Three ways to cultivate your community at work

CommunityWe are all working so hard to identify and garden communities among our clients or websites users that we often overlook the community closest to us – our colleagues. 

This is mad. And it misses a great opportunity to learn.

If your colleagues already have a strong network within their business sector, they will create very strong communities when they move online.

Each and every community will develop differently. Do not miss a bit of it.

You need observe how each community behaves, learn from their actions and pass on best practice.

Here are three ways to cultivate you community at work.

1 Set up a Twitter profile just for them.

The people I learn from/follow on my Twitter profile are exclusively social/new media. I find it really distracting when anyone makes any comments outside the subject.

Listening to my colleagues – working across 15 different business sectors – is impossible. Yet I want and need to listen to and learn from their conversations.

I have set up a new Twitter profile where I follow all my colleagues on Twitter.

I’m only just getting my head around. I get to see what kinds of Tweets they are sending out and can give permission feedback (ie only after asking if they want it). I circulate good Tweets by colleagues to spread best practice. And I reTweet one or two of the most appropriate Tweets from my social/new media profile. I congratulate them on their good ideas.

They certainly do not have to follow me – they might be so focused on their own communities that they might find me a distraction.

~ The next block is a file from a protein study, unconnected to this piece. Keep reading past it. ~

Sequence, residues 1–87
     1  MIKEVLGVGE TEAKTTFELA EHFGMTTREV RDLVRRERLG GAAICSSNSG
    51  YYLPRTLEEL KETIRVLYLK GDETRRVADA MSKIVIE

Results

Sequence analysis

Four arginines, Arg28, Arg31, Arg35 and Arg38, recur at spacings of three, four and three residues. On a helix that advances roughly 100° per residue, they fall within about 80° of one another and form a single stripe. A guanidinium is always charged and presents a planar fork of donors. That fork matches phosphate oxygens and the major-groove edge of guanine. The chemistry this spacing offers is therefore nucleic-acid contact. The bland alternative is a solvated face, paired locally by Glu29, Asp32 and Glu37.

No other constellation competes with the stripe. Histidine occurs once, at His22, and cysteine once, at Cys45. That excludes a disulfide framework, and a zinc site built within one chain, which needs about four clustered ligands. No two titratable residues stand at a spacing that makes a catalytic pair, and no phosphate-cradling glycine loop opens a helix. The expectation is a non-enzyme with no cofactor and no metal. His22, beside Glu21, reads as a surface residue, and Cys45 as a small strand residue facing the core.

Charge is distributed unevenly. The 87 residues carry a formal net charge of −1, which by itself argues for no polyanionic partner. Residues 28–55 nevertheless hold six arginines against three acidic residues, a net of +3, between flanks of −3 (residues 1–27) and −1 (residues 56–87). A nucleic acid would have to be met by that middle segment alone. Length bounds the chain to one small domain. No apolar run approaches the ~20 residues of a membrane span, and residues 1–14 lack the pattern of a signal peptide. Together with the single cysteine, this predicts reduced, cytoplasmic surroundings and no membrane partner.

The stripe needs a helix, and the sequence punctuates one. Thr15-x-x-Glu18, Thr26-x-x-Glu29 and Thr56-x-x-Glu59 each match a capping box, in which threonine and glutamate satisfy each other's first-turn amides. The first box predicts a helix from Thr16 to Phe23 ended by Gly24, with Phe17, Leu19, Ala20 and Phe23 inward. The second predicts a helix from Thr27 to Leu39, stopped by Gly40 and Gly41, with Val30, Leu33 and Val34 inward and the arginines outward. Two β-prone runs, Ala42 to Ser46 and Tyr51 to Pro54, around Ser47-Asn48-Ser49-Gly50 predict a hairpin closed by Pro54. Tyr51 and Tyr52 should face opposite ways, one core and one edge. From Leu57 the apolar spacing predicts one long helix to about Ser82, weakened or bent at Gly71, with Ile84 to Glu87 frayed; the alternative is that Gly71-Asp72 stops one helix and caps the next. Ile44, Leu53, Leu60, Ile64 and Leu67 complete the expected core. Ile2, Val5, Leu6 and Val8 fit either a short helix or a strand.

2 Ask you colleagues to write a guest post on your blog

Many of my colleagues have taken only one or two steps into social media – perhaps a fresh look at their Facebook profile and a stab at Twitter. A blog is just one step too far.

Ask them to write a guest post for you. What is their experience of social media so far – remember they are real practitioners not early adopters so their experience is key to further developments? There will be no shortage of subjects. 

Get them to add links. Ask them to add a list. Encourage them to choose the picture.

Once you have pushed the “publish” button, show them the traffic on a daily basis. Send them links to blogs that have picked up on their post. Show them how to Tweet out a link to their guest post on their Twitter.

Watch them as they experience the excitement of blogging from the safety of your own blog.

3 Introduce your colleagues to the new contacts you meet

Inevitably you build new contacts through social media. They are different from you colleagues at work coming from outside the usual recruitment silos of our businesses.

Both sides have much to learn from eachother: the early adopters begin to understand some of the slowness of traditional companies; the corporates begin to see that the early adopters are actually just like them.

Invite them into the office. Ask them to give a talk to your colleagues. Suggest a work placement that they might find useful.

Picture credit: adele.turner

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About John Welsh

John Welsh has spent his entire working life in business-to-business media, first traditional publishing, having edited three magazines over 14 years, and, second, exhibitions since 2007. He started this blog on 22 June 2008 and ended it on 18 May 2010.
This entry was posted in Communities and tagged , , , , , . Bookmark the permalink.

One Response to Three ways to cultivate your community at work

  1. Holly Powell says:

    nice post. Thanks for sharing this insightful post. I like your point to introduce your colleagues to your new contact. I believe that we build our wealth through building personal relationship. After all, no man is an island. Looking forward to reading other great post from you.

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